Ionic transition-metal complexes based on silver(I) metal core (Ag-iTMCs) represent an appealing alternative to other iTMCs in solid-state lighting owing to (i) their low cost and well-known synthesis, (ii) the tunable bandgap, and (iii) the highly efficient photoluminescence. However, their electroluminescence behavior is barely studied. Herein, the archetypal green-emitting Ag-iTMCs, namely [Ag(4,4′-dimethoxy-2,2′-bipyridine)(Xantphos)]X (X = BF4, PF6, and ClO4), are thoughtfully investigated, revealing their electroluminescent features in light-emitting electrochemical cells (LECs). Despite optimizing device fabrication and operation, luminance of 40 cd m−2, efficacy of 0.2 cd A−1, and a very poor stability of 30 s are achieved. This outcome encourages the comprehensive study of the degradation mechanism combining electrochemical impedance spectroscopy, X-ray diffraction, and cyclic voltammetry techniques. These results point out the irreversible formation of silver nanoclusters under operation strongly limiting the device performance. As such, LECs are further optimized by (i) changing the counterions (PF6− and ClO4−) and (ii) decoupling electron injection and exciton formation using a double-layered architecture. The synergy of both approaches leads to a broad exciplex-like whitish electroluminescence emission (x/y CIE of 0.40/0.44 and color rendering index of 85) with an outstanding improved stability of ≈4 orders of magnitude (>80 h) without losing brightness (35 cd m−2).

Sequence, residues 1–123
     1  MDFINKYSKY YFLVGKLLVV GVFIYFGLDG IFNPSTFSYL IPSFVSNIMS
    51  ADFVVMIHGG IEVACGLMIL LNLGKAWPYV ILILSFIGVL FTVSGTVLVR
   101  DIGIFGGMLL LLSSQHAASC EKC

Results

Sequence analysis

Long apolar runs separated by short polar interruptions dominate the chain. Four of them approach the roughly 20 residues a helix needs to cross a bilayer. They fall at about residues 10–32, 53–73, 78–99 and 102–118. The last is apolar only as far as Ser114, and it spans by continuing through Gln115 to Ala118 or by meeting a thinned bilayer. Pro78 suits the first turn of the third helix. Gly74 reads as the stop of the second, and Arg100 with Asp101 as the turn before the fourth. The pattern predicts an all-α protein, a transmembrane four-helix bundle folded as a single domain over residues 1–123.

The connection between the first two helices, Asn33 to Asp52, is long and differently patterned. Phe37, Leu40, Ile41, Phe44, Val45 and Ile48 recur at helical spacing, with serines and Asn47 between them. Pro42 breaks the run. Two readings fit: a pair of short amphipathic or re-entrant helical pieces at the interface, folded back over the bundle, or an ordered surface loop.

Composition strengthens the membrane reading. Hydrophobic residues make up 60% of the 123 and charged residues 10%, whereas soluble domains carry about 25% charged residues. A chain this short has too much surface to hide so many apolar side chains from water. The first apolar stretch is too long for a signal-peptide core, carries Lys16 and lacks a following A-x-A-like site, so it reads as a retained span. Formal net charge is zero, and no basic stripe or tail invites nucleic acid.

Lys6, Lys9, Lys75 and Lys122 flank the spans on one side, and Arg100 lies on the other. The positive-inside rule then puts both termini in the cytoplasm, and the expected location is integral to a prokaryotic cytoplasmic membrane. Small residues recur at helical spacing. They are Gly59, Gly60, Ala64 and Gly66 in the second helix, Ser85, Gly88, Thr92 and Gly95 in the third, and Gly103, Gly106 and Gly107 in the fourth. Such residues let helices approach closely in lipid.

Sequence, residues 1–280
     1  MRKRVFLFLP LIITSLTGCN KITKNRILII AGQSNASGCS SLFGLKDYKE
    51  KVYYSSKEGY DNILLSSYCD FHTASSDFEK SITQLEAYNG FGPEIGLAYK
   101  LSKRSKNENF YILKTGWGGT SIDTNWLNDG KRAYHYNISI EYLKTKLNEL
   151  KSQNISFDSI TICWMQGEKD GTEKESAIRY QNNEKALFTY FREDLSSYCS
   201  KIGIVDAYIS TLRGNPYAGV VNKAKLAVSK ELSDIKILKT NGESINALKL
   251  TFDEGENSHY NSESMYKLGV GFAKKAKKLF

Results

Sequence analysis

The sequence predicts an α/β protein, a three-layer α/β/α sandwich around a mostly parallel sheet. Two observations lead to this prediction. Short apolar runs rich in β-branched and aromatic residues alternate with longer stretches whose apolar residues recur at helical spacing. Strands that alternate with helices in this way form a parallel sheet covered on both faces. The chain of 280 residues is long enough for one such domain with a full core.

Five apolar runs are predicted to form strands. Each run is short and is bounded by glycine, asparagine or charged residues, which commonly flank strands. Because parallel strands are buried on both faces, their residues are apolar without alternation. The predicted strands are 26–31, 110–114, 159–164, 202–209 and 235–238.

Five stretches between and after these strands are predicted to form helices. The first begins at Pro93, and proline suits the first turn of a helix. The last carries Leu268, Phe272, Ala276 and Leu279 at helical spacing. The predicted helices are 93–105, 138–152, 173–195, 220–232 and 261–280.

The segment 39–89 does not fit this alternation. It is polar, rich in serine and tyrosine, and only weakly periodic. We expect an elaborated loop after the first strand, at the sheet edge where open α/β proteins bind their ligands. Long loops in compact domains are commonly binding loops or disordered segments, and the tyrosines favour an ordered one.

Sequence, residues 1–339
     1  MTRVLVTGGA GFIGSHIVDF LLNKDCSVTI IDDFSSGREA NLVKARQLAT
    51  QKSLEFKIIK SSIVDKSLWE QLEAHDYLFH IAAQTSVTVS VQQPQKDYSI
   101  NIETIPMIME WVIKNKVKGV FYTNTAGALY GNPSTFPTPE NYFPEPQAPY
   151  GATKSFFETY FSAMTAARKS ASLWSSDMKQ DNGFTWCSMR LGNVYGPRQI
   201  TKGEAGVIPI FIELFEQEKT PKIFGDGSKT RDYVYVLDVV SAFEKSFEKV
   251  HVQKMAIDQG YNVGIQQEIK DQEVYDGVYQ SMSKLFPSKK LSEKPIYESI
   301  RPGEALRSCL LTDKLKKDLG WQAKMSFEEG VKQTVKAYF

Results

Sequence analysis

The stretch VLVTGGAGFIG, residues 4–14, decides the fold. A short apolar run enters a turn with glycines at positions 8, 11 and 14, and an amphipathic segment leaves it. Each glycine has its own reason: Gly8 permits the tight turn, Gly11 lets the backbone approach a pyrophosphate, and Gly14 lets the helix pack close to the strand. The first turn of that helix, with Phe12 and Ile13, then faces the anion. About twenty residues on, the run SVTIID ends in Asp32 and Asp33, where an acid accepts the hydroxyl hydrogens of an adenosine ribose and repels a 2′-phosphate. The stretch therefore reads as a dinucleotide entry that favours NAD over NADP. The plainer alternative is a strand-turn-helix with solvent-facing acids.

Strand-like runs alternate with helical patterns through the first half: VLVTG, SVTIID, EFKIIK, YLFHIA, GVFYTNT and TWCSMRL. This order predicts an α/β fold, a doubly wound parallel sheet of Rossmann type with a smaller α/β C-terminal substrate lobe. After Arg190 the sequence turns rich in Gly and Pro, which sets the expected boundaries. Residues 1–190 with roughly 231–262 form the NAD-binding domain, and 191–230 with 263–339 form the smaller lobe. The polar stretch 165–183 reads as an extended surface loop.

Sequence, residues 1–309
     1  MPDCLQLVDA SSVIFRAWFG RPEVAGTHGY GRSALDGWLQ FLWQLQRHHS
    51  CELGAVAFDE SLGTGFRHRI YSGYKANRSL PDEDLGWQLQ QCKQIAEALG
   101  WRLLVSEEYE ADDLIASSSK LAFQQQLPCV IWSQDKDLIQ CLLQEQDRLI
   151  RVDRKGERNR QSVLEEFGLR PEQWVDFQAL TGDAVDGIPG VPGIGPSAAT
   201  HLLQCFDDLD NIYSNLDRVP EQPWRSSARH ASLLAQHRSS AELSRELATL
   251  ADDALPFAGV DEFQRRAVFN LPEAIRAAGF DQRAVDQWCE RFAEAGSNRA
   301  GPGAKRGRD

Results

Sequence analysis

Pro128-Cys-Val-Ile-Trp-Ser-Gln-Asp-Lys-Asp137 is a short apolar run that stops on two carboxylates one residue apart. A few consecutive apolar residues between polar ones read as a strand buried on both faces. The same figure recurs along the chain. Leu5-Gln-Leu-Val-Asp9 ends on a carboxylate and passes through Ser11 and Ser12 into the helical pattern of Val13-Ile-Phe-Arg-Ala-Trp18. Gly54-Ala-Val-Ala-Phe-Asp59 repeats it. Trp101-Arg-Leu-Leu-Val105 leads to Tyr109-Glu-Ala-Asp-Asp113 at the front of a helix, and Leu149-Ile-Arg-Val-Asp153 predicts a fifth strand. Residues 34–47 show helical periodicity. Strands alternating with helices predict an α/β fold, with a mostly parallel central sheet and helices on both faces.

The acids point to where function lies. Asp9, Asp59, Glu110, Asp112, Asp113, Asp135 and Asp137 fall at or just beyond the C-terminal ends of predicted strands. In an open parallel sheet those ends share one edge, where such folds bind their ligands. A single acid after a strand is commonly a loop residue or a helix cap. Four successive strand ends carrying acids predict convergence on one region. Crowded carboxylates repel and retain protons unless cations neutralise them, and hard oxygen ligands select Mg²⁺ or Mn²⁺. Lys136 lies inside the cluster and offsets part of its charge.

ASJC Scopus subject areas
- 化学 (全般)